Let's start with an anecdote related to the Festival and creative inspiration. The famous Polish Radio Experimental Studio, the first of its kind in Eastern Europe, was visited in its heyday by numerous international guests. During the 1966 Warsaw Autumn festival, it was visited by a delegation of composers from the USSR, who were critical of what they termed "rotten avant-garde." Rudnik was on duty at the consoles and presented examples of its use, met by ironic smiles of his Soviet guests. One of them reached the heights of Socialist realist irony and "constructive satire" and asked: "And if you play this tape backwards, will it sound equally bad " Rudnik did not react immediately, but followed by composing the pioneer polyversional work Scalars (1966) for tape, in which the playing direction, tape speed, and channel distribution can be freely chosen. Each variants "sounds well," displaying elements of musical meaning thanks to the compositional shaping of the material. Apart from Rudnik, only James Tenney trialled polyversional music in that period.
Inspirational impulses for Rudnik's composition ERdada 80/50/39'40" luckily included totally different circumstances that are hinted at in the work's title: the composer's 80th birthday and 50th anniversary of working at the Polish Radio Experimental Studio. Nearly 40 minutes of new music were created within a single day, on 22 April 2012. Rudnik chie y based the work on unused material from 1971, when he recorded his Divertimento. Winner of many awards, that work was based on sound scraps of "special meaning": a wide array of coughs, chokes, slurps, and burps cut notably from official speeches cleaned by the Polish Radio before backup. What a pitiless disruptive joke by Rudnik! Of course, only cognoscenti knew the origin of the work's building materials. Apart from those prohibited rarities, ERdada also included other voices: that of composer Krzysztof Penderecki and singer Bernard Ładysz, registered during studio work in 1972. The deformation of human voice surprisingly points to its divine provenance. Its dimensions - vocal and verbal - remain noble; asemantic phonemes begin to mean outside words and notes. The composer thus spoke about his new audio "erratum," a postscript of sorts to his earlier Divertimento:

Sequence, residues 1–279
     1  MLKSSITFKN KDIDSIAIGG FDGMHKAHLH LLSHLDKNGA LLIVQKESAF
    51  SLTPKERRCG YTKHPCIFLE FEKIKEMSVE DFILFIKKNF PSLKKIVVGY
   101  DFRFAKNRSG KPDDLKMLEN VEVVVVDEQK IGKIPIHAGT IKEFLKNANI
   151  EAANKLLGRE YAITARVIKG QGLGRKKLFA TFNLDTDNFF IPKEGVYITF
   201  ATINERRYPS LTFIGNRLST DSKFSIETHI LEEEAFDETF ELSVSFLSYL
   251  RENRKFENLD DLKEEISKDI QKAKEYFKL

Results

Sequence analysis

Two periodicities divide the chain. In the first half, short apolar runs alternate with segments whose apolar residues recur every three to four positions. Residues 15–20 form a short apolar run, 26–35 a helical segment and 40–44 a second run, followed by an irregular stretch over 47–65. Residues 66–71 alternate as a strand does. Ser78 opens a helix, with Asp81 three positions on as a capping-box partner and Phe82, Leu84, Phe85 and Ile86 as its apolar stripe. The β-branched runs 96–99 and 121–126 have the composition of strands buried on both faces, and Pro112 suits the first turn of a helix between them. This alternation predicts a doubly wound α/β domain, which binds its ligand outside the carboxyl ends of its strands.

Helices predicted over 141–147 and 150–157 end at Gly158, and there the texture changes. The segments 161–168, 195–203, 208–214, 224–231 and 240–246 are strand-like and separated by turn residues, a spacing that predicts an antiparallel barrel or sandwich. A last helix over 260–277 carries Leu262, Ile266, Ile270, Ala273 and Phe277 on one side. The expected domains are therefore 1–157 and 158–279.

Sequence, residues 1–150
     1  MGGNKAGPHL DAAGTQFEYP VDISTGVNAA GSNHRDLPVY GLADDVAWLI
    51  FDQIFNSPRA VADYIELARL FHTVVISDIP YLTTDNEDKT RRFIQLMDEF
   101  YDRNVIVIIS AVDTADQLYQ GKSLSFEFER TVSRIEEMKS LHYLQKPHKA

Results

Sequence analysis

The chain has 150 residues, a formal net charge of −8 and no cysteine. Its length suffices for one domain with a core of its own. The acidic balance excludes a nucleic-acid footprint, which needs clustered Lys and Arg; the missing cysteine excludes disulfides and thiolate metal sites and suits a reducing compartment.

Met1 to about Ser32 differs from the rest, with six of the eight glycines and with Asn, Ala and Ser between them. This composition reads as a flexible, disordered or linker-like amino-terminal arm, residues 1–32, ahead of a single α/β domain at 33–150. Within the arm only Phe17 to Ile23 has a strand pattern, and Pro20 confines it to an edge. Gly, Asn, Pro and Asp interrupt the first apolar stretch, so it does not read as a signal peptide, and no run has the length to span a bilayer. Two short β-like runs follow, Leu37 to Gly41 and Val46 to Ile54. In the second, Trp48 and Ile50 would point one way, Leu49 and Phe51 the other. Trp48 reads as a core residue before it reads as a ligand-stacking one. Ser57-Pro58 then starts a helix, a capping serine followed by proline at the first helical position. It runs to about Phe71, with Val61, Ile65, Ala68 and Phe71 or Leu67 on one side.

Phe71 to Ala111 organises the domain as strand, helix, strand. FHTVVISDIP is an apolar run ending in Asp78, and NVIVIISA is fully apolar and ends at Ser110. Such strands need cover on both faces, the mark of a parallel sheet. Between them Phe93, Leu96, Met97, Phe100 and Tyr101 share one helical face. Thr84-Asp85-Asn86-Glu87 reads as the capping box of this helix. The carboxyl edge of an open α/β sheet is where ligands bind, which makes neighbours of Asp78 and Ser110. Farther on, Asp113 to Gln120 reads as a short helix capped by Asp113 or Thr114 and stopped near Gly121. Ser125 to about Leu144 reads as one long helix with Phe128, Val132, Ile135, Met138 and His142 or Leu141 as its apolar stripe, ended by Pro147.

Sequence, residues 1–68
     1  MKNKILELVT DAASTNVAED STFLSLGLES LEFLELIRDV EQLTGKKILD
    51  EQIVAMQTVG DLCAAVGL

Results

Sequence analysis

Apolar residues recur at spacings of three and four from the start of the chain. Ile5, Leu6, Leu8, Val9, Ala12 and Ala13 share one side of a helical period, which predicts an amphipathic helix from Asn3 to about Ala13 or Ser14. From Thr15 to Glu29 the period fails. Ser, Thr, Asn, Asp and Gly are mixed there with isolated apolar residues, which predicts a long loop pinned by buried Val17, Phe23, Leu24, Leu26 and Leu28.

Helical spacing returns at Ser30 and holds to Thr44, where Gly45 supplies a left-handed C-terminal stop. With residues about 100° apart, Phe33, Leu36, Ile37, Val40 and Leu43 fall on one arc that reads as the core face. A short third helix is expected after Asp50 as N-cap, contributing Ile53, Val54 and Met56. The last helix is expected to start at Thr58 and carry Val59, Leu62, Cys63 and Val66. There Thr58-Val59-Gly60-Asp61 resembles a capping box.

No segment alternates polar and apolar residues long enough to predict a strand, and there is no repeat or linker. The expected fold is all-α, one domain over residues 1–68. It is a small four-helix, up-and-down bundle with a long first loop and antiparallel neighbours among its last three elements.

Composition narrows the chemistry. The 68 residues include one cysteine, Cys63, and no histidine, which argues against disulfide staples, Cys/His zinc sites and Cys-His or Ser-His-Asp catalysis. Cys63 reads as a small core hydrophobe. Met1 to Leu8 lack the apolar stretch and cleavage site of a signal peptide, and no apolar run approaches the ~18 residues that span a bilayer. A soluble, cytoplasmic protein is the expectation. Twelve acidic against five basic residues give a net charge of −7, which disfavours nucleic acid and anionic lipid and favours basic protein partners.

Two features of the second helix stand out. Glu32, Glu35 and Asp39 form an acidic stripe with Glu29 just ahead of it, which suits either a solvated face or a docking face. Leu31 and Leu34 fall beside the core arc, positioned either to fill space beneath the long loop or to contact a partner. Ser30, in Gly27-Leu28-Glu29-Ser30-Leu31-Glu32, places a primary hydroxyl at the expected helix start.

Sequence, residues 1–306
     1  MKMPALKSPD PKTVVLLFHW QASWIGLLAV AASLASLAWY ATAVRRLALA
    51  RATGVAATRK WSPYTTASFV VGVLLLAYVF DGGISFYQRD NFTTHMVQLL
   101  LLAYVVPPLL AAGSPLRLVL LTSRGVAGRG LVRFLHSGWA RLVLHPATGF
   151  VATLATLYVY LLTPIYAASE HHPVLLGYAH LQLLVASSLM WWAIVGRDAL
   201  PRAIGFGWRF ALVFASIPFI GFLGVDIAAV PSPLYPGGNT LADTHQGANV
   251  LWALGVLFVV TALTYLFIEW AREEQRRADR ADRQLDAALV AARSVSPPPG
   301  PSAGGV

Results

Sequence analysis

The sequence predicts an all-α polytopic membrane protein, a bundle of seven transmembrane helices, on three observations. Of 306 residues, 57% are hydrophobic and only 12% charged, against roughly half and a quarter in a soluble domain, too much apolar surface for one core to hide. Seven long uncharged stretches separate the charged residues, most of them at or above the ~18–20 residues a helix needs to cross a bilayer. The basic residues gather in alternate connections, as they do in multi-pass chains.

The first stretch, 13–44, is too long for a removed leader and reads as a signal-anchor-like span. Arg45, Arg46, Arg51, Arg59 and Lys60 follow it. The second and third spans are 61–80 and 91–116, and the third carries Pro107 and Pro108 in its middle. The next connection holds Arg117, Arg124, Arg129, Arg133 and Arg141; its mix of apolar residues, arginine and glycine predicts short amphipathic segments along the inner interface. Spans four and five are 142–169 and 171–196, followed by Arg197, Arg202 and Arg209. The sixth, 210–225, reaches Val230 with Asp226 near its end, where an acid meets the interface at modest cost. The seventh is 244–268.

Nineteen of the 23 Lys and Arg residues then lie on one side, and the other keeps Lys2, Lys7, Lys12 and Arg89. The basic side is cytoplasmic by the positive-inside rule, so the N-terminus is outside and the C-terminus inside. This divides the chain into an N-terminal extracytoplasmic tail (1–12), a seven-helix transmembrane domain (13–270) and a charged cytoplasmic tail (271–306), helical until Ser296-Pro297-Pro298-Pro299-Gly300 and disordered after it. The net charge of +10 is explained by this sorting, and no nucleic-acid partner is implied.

roughout my years of work, I have realised that word can become music and sound can gain meaning. In my Dadalike erratum, I nally have the time to talk with listeners about that. Some of my works are tagged neoDada. It is true that I have great respect for Dadaists and their poetry devoid of any logical succession - I too keep playing entertaining myself, as be ts a born "homo ludens" and "homo radiophonicus."
My ERdada is meant to be leafed through, sampled by fragments; there is no plot here, no start, climax and relaxation. Rather, it is a neverending prose poem, which, even though you try to resist it, draws you as a book browsed at random. One listener likened it to Joyce's Ulisses. Structurally speaking, my work has some returns and repetitions but is not a plot. It has no artisan prettiness, which I often strived to achieve when composing (a distribution of dynamic and emotional extremes, a climax one third from the end, and so forth). Here, I consciously do not aim for formal balance. On the other hand - and it is another characteristic of this composition - I do not use dirt, no lowly matter. What is perceivable is the outstanding supremacy of the human voice, my passion for its transformations, working on phonemes, "oh"'s and "ah"'s, "slurps," thus verging on erotophony. I build quasipoetic structures that exist for their own sake, pick my interest for a while, then I turn the page and there comes a fragment as if from another work.
The material is, of course, rejected stuff from forty years ago that now seems prettier to me than I was at that time... But I am selling you no obsolete inventory here, I am not dumping wares noone wanted before. Rather, I reach to a shelf to pick up a thing I particularly like and show it to the listener. Sometimes, these are variations of my obsessive structures that follow me my entire life. There is no cure for that.
The work was played in public for the first time at the IRCAM hall of the Centre Georges Pompidou in Paris on 18 October 2013. It was later released on the CD ERdada for tape published by Requiem Records and the National Centre for Culture in 2013.